Gazans need ‘days not hours‘ for aid access to halt disaster

Aid agencies told MPs not to get bogged down on wording for ceasefire

People search through buildings destroyed during Israeli air strikes in the southern Gaza Strip on November 14. Getty Images
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British MPs fear the UK has “lost sight of humanity” and “proportionality” as they called for the conditions needed to get fuel and aid into Gaza “right now".

Directors of aid and human rights agencies in Gaza briefed MPs of the worsening situation as two thirds of hospitals have shut down, diseases have spread due to poor water sanitation, and fuel and food supplies are running out.

Should Israel’s siege on Gaza and the slow “trickle” of aid from the Rafah crossing in Egypt continue, there would be “massive outbreaks of infection and mass starvation", said Melanie Ward, chief executive of the British charity Medical Aid for Palestinians.

MPs at the hearing with the international development committee were visibly shocked and distressed as they heard of the trauma that the war, and the conflict in the years preceding it, had on Palestinian children.

"When it comes to Gaza we seem to have lost sight of the most basic principles of humanity and proportionality,” said Labour MP Sarah Champion, the committee chair.

"The first priority must be to immediately get aid and fuel into Gaza and the conditions for that are needed right now."

The "vital supplies" on which aid agencies depend could be "already lost or lost within hours", Ms Champion said.

Israel allowed aid to enter Gaza three weeks ago through the Rafah crossing from Egypt. But only an average of about 30 to 40 trucks have been able to enter each day.

“There’s no other way to describe this than as a humanitarian crisis that is getting worse by the day, minute and second,” said Yasmine Ahmed, UK director of Human Rights Watch.

"It is a man-made catastrophe that is the direct result of the Israeli siege."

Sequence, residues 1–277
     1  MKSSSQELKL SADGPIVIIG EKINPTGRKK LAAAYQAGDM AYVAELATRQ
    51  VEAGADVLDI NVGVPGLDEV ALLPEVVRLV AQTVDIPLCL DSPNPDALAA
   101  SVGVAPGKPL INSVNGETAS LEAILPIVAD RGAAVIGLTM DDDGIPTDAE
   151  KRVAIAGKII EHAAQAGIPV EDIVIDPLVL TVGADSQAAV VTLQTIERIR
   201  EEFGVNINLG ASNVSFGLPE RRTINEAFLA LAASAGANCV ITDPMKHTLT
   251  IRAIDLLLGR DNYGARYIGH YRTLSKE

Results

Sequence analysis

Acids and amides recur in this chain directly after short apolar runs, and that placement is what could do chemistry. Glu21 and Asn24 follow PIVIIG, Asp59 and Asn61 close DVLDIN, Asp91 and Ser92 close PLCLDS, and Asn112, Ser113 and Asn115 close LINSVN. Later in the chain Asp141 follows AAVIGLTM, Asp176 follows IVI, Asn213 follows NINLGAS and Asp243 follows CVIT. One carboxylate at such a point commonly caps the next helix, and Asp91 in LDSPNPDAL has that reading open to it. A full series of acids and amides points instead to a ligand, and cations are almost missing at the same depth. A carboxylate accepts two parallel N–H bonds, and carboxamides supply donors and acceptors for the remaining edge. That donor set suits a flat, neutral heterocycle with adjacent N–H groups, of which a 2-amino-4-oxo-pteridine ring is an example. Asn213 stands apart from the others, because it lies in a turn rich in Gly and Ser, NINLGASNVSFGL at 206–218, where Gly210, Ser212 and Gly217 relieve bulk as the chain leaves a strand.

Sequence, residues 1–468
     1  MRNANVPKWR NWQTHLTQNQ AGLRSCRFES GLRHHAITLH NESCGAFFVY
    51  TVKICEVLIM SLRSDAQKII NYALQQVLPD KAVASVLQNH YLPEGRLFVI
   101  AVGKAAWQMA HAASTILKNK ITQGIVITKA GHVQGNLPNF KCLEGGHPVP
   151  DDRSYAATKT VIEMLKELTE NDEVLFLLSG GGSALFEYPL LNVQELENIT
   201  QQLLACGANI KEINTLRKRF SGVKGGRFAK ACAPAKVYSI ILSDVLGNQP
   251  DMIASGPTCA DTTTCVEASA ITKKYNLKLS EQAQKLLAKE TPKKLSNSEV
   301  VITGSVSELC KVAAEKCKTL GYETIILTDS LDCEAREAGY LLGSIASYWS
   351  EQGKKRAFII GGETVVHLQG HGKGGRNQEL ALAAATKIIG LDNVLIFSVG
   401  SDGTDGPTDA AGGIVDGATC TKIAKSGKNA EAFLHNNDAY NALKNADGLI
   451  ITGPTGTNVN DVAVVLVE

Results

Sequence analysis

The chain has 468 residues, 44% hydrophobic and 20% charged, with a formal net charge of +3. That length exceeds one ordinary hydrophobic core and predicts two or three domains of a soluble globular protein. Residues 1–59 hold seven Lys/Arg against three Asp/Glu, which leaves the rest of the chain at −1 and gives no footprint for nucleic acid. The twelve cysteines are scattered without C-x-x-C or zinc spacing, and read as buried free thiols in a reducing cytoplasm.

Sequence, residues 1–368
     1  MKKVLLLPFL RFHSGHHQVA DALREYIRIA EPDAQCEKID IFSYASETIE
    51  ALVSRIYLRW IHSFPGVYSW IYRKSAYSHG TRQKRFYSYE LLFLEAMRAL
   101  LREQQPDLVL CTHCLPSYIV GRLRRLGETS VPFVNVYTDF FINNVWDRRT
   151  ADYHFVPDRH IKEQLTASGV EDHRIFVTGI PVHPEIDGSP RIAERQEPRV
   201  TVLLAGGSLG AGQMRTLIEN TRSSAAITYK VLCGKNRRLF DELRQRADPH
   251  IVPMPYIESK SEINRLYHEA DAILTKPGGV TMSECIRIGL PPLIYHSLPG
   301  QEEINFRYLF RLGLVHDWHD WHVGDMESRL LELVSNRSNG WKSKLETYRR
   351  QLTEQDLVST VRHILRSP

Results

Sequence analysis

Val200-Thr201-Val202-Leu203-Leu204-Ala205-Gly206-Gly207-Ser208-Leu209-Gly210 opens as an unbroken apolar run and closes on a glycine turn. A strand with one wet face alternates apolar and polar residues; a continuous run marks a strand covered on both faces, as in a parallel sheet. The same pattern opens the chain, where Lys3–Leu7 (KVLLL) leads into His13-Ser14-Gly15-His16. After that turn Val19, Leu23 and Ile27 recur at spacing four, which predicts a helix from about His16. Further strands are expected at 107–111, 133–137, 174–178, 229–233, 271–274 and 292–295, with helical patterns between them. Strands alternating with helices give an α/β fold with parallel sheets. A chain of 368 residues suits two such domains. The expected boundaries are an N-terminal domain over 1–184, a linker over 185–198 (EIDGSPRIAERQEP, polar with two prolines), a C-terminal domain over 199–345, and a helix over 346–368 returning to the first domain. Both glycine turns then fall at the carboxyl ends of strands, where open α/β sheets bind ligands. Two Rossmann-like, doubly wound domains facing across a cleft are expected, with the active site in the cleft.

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The “collapse” of Gaza’s energy system due to the blockade meant that water sanitation plants were not running and bakeries had stopped working.

“People are walking around with jerry cans, desperate to find water,” said Sam Rose, director of planning at the UN’s aid agency for Palestinians.

Gaza’s three mobile phone network providers will shut down operations on Thursday due to a lack of fuel, and the already limited connectivity meant there was “very little” information about what was happening in northern Gaza, Mr Rose said.

Agency staff in Gaza were unable to pursue their work due to the continuing bombardment, lack of fuel and dwindling resources, said Shaina Low, the Norwegian Refugee Council's adviser in Jerusalem.

“I’ve run out of vocabulary to describe how much worse it can get,” Ms Low told MPs.

She called for an “immediate ceasefire” that would allow aid workers to enter Gaza and do their work.

“It’s not that we can’t do anything without a ceasefire but it’s not sustainable. We can’t be working under bombardment,” Ms Low said.

Asked whether a “humanitarian pause” would be more achievable than a ceasefire, Ms Low pleaded with MPs not to get “bogged down in terminology”.

“We need not hours but days to organise and facilitate responses,” she said.

Ms Ward described a grim situation in which two thirds of Gaza’s medical centres had shut down and 198 clinicians had been killed by bombardment.

“Three weeks ago we warned that the lives of premature babies were at risk,” she said.

Three babies had died since then, and about 40 were taken out of their incubators because they had stopped working, Ms Ward said.

Al Shifa Hospital, which Israeli forces have encircled claiming it conceals an important Hamas base, had about 600 patients and 700 medical workers inside.

Cancer patients who previously accessed chemotherapy in Israel or the West Bank were no longer able to continue their treatment, and there were 1,400 patients needing kidney dialysis, for which facilities were not available in Gaza.

Ms Ward estimated that 5,500 babies had been born in Gaza since the conflict began, and said mothers with complicated pregnancies normally sought specialist care outside of the Palestinian territory.

The UK’s response to the conflict would have implications for the long term, witnesses at the hearing said.

Ms Ahmed described the UK’s “rightful” condemnation of Hamas and “silence” on Israel as a “double standard”.

“The fact that there has not been some calling out of Israel’s war crimes is disturbing,” she said.

The international community’s “silence” had given Israel a “green light” for its brutal response in Gaza, in which more than 11,000 people have been killed by Israeli bombardment, including more than 4,500 children, according to the Gaza Health Ministry.

Ms Ahmed feared this would undermine the UK’s other foreign policy positions, such as it condemnation of Russia and Russian President Vladimir Putin’s war crimes in Ukraine.

Mr Rose echoed this, highlighting the “sense of abandonment” felt by Palestinians, after the Palestine-Israel issue became “dormant” in UK politics.

“There’s a sense of abandonment from the West,” he said.

He said this would affect the “reputation of these governments in years to come in Gaza and the wider Middle East".

Updated: November 14, 2023, 10:06 PM